America the Beautiful?: One Woman in a Borrowed Prius on the Road Most Traveled
"America the Beautiful? is so funny and special and illuminating that it makes even me, a person who cannot tolerate trees or weather, wish I could've tagged along in the back seat." -- Samantha Irby, author of Wow, No Thank You. and We Are Never Meeting in Real Life.
The author of How to Date Men When You Hate Men examines Americans' obsession with freedom, travel, and the open road in this funny, entertaining travelogue that blends the humorous observations of Bill Bryson with the piercing cultural commentary of Jia Tolentino.
For writer and comedian Blythe Roberson, there are only so many Mary Oliver poems you can read about being free, and only so many times you can listen to Joni Mitchell's travel album Hejira, before you too, are itching to take off. Canonical American travel writers have long celebrated the road trip as the epitome of freedom. But why does it seem like all those canonical travel narratives are written by white men who have no problems, who only decide to go the desert to see what having problems feels like?
To fill in the literary gaps and quench her own sense of adventure, Roberson quits her day job and sets off on a Great American Road Trip to visit America's national parks.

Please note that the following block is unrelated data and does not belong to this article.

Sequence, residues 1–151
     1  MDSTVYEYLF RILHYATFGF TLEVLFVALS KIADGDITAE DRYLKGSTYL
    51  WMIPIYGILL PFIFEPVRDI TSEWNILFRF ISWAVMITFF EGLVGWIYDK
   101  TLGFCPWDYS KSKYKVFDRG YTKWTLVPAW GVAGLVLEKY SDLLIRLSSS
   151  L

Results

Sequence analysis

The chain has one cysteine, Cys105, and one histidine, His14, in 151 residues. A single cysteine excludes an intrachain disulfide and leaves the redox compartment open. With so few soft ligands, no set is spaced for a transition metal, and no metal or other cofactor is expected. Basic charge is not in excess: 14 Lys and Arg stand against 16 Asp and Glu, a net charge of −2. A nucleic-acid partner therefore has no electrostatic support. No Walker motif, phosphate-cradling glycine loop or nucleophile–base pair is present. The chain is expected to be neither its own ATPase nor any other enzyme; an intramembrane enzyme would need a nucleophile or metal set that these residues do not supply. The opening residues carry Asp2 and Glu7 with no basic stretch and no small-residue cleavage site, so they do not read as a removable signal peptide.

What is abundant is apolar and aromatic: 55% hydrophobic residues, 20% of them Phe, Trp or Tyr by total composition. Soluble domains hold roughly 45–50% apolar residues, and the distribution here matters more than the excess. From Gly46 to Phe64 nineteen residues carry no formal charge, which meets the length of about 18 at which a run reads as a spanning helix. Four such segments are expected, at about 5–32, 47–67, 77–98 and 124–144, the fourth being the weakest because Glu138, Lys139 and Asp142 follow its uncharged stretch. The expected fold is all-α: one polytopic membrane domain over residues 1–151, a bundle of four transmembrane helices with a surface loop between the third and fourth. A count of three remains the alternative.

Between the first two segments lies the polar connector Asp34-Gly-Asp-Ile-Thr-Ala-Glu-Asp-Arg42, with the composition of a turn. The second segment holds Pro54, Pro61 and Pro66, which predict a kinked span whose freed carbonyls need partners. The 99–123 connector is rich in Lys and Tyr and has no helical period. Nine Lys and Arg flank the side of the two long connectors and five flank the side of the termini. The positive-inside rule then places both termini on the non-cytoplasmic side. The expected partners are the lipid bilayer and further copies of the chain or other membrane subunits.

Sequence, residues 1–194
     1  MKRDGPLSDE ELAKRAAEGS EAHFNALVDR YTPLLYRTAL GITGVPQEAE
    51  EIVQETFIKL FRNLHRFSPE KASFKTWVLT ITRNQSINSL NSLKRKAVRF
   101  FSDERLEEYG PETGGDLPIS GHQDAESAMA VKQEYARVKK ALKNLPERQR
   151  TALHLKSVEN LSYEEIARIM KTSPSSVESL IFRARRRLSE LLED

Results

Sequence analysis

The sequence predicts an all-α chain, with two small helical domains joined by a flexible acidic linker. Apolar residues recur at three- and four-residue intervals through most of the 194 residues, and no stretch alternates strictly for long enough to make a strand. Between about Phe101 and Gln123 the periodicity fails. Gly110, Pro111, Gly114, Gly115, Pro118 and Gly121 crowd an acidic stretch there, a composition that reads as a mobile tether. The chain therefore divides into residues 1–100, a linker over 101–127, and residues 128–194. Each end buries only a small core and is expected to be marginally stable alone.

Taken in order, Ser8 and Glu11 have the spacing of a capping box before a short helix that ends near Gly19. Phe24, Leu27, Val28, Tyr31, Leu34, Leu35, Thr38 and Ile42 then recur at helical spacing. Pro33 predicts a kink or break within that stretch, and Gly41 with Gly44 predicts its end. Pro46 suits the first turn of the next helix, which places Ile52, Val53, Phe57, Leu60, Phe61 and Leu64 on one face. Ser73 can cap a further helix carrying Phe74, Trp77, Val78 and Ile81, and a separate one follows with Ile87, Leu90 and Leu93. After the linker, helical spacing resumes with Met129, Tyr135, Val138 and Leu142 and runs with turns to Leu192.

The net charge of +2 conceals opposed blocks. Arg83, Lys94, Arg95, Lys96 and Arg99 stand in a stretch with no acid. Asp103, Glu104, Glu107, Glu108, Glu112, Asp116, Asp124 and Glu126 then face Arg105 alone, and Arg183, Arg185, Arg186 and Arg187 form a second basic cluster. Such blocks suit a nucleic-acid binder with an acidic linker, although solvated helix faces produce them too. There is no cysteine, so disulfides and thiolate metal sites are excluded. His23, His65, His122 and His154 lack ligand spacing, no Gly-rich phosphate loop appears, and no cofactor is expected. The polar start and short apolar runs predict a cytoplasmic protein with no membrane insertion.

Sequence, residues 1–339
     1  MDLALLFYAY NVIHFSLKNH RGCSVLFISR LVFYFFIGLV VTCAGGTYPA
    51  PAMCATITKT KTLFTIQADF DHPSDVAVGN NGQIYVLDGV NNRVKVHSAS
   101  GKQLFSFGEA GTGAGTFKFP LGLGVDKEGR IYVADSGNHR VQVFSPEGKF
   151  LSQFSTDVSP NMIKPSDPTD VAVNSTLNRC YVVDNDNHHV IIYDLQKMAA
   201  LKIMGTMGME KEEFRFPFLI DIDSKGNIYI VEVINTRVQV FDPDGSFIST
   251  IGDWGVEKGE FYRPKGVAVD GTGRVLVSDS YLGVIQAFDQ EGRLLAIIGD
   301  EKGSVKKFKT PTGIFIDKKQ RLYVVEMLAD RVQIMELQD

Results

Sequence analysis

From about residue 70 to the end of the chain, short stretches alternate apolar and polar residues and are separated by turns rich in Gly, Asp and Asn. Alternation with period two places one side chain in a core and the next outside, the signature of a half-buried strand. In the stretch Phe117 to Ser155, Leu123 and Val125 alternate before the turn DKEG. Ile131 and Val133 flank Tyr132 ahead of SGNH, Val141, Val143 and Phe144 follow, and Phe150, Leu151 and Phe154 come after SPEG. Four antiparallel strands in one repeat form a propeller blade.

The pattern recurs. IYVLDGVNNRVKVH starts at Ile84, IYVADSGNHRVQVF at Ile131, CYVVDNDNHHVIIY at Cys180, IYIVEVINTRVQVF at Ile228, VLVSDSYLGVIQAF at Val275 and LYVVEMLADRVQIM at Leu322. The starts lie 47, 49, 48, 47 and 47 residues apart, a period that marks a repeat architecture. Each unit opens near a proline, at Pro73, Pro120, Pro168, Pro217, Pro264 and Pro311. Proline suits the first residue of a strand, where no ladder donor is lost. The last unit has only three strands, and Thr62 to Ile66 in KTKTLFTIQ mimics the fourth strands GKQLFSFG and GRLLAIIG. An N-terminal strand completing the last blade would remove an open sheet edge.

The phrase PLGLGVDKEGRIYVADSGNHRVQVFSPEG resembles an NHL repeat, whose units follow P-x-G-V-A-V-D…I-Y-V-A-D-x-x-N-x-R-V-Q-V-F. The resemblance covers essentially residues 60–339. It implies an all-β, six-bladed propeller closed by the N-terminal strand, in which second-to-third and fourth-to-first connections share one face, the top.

America the Beautiful? is a hilarious trip into the mind of one of the Millennial generation's funniest writers. Borrowing her Midwestern stepfather's Prius, she heads west to the Loop of mega-popular parks, over to the ocean and down the Pacific Coast Highway, and, in a feat of spectacularly bad timing, through the southwestern desert in the middle of July. Along the way she meets new friends on their own personal quests, learns to cope with abstinence while missing the comforts of home, and comes to understand the limits--and possibilities--of going to nature to prove to yourself and your Instagram followers that you are, in fact, free.
The result is a laugh-out-loud-while-occasionally-raging-inside travelogue, filled with meditations and many, many jokes on ecotourism, conservation, freedom, traffic, climate change, and the structural and financial inequalities that limit so many Americans' movement. Ultimately, Roberson ponders the question: Is quitting society and going on the road about enlightenment and liberty--or is it just selfish escapism?